At a far later date, the mythic history that was encapsulated in Leabhar Gabhala Eireann credited Gallaecia as the point from which the Celts sailed to conquer Ireland, as they had Gallaecia, by force of arms; they had previously come from the east Mediterranean around three hundred years before (cf. the Celtic tribes that were moving into the north east mediterranean areas at the time). Lebor Gabála Érenn (The Book of the Taking of Ireland) is the Middle Irish title of a loose collection of poems and prose narratives recounting the mythical origins and history of the Irish race from the creation of the world down to the Middle Ages. ...


History

After the Punic Wars, the Romans turned their attention to conquering Hispania. The tribe of the Gallaicoi 60,000 strong, according to Paulus Orosius, faced the Roman forces in 137 BCE in a battle at the river Douro (Latin Duero), which resulted in a great Roman victory, by virtue of which the Roman proconsul Decimus Junius Brutus returned a hero, receiving the agnomen Gallaicus ("conqueror of the Gallaicoi"). From this time, Gallaecian fighters joined the Roman legions, to serve as far away as Dacia and Britain. The final extinction of Celtic resistance was the aim of the violent and ruthless Cantabrian Wars fought under the emperor Octavian from 26 to 19 BCE. The resistance was appalling: collective suicide rather than before surrender, mothers who killed their children before committing suicide, crucified prisoners of war who sang triumphant hymns, rebellions of captives who killed their guards and returned home from Gaul. Paulus Orosius (c. ... The Douro at Oporto Douro (Spanish Duero, Latin Durius, Portuguese Douro) is one of the major rivers of Spain and Portugal, flowing from its source near Soria across central Spain and Portugal to its outlet at Oporto. ... Decimus Junius Brutus Albinus (died 43 BC) was a Roman politician and general of the 1st century BC, one of Julius Caesars assassins. ... ... The Cantabrian Wars (29 BC-19 BC) occurred during the Roman conquest of the ancient province of Cantabria. ... Augustus Caesar The title Caesar Augustus, given to every emperor of the Roman Empire and the Byzantine Empire, originates from this person. ... Centuries: 2nd century BC - 1st century BC - 1st century Decades: 70s BC 60s BC 50s BC 40s BC 30s BC - 20s BC - 10s BC 0s 10s 20s 30s Years: 31 BC 30 BC 29 BC 28 BC 27 BC 26 BC 25 BC 24 BC 23 BC 22 BC 21... (Redirected from 19 BCE) Centuries: 2nd century BC - 1st century BC - 1st century Decades: 60s BC 50s BC 40s BC 30s BC 20s BC - 10s BC - 0s 10s 20s 30s 40s Years: 24 BC 23 BC 22 BC 21 BC 20 BC 19 BC 18 BC 17 BC 16 BC... Map of Gaul circa 58 BC Gaul (from Latin Gallia, c. ...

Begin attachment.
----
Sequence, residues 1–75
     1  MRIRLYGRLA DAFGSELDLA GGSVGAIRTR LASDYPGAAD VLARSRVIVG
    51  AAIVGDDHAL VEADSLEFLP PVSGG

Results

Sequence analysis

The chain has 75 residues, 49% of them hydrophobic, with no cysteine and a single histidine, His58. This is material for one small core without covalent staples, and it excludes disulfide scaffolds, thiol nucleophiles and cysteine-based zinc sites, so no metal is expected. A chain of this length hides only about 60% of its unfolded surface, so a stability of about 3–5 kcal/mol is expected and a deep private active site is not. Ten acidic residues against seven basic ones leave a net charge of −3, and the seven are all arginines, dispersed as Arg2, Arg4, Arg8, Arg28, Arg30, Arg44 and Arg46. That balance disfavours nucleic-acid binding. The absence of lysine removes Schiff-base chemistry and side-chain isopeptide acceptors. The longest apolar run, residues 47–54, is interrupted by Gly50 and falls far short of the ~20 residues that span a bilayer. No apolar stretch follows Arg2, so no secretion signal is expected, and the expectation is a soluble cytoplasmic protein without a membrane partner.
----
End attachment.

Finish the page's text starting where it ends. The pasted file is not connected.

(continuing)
Roman Gallaecia
Roman Gallaecia

For Rome Gallaecia was a region formed exclusively by two conventus—the Lucensis and the Bracarensis—and was distinguished clearly from other zones like the Asturica, according to written sources: Download high resolution version (1266x1692, 141 KB) Map of Roman Gallaecia File history Legend: (cur) = this is the current file, (del) = delete this old version, (rev) = revert to this old version. ... Download high resolution version (1266x1692, 141 KB) Map of Roman Gallaecia File history Legend: (cur) = this is the current file, (del) = delete this old version, (rev) = revert to this old version. ...

    • Legatus iuridici to per ASTURIAE ET GALLAECIAE.
    • Procurator ASTURIAE ET GALLAECIAE.
    • Cohors ASTURUM ET GALLAECORUM.
    • Pliny: ASTURIA ET GALLAECIA